ASB Bank chief executive Vittoria Shortt announced tonight that, effectively immediately, the deposit required from investors would increase from 30% to 40%.
It is the second time in three months that ASB has adjusted its loan-to-value restriction.
In November, the bank reinstated a 30 percent LVR restriction after the Reserve Bank indicated it was considering reintroducing LVR restrictions in March this year.
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New residential building consents hit record high
The number of residential building consents issued in the December quarter has reached an all-time high.
The latest figures from Stats NZ shows 11,291 new homes were given the green light over the three month period, surpassing the previous record set back in 1973 of 10,713.
The total number of new homes consented last year was 39,420, up by nearly 5% on 2019.
Another Nido-linked company goes under
Nido-linked company that guaranteed $25m loan fails.
Another company connected to ambitious Auckland furniture mega-store Nido has gone into liquidation.
Magsons Investments, a property company, went into liquidation on January 28. The company dates back to 2000, and held a stake in the joint venture which owns the unfinished Nido building and property.
It was the guarantor of a $25 million-plus loan owed to the development’s mortgagee.
Government was repeatedly warned money printing would cause house price inflation
Grant Robertson and the Government were warned in January 2020 that there was a ‘significant’ risk Reserve Bank money printing would push up house prices and deepen inequality.
“Despite calls from the Reserve Bank that the Government would need to act to blunt the effects of this, nearly 13 months later, nothing has been done,” writes Thomas Coughlan for Stuff.
“Robertson had initially been sceptical of the link between the Reserve Bank’s money printing and high house prices.”
But his now famous letter to Reserve Bank Governor Adrian Orr last year marked his acknowledgement that the Bank’s money printing was driving house prices up.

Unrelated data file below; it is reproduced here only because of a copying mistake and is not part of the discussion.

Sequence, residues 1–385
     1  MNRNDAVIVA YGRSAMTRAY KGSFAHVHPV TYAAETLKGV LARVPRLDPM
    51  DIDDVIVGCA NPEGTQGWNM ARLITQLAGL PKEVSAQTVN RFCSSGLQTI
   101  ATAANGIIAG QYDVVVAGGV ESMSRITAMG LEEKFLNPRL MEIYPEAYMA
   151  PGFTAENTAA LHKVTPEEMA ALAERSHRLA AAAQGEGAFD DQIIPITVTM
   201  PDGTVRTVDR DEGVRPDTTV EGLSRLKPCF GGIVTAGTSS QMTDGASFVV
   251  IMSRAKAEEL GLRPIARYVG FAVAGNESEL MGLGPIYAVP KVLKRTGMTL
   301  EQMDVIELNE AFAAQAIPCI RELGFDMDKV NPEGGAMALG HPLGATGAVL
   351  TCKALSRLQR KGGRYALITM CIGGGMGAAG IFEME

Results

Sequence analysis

“He took a long time to reach that conclusion. Earlier in the year, he’d been sceptical that there was a strong connection between the Reserve Bank’s money printing and out-of-control house price inflation.”
“The Reserve Bank warned Robertson in January  of nearly all the adverse consequences of money printing on housing and inequality.”
Policy advice released under a series of OIA requests warned that an LSAP (Large-Scale Asset Purchases) programme would lift asset prices like housing, deepen inequality and require some kind of intervention.
The Reserve Bank called for a coordinated response from across government, and pointed out that it was the Finance Minister’s job to ensure the social consequences of any monetary policy changes weren’t unfairly carried by one group in society.
“As of February 2021, there has been no fiscal response targeted at mitigating the effects of unconventional monetary policy on wealth inequality.”
Read the full article here (Stuff)
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And finally, in not-property news this week something too good not to share…
A crazy story about an eccentric entrepreneur
His best thinking happens during the third movement of Beethoven’s Fifth, in a gold-plated room, and when he’s mere moments from death. Dr Nakamatsu is dapper, 92 years young and has over 3,500 inventions. Take that, Thomas Edison!
Japanese inventor Yoshiro Nakamatsu, also known as Dr NakaMats, has more inventions than anyone in history and has even licensed 14 patents to IBM.
He invented and patented the world’s first floppy media 17 years before IBM’s floppy disk patent was filed, a syphon pump, a pillow that prevents sleeping while driving, a condom with an embedded magnet to heighten sexual pleasure, a toilet seat lifter, the karaoke machine, jumping shoes with leaf springs on their soles, and a wig for self defence.
This all goes to show that he is rather eccentric. He describes his “creative process” as listening to music and then diving deep underwater, holding his breath until shortly before death to bring on a flash of brilliance. He notes them down with his waterproof memo device.
In the book The Legend of Dr NakaMats Inventions Nakamatsu states: “Lack of oxygen gives me ‘the flash'”.
Nakamatsu was the subject of the 2009 documentary The Invention of Dr NakaMats.
In the documentary, Nakamatsu discusses some of his successful inventions and shows the process he uses to come up with his ideas. The video has over 4.2 million views.
Nakamatsu says he is “dead set” to live to the ripe old age of 144. He follows a meticulous health regime (one, of course, that he invented) to ensure he achieves it. (allthatsinteresting)
Dr NakaMats likes to unwind each evening in his “Calm Room,” a bathroom constructed without nails and tiled in 24-karat gold. He says it encourages creative thinking by blocking out radio waves and television signals “that are harmful to the imagination”. (Valuer.ai)
That’s it for this week, thanks for hanging in there.
Cheers, Brandon 🙂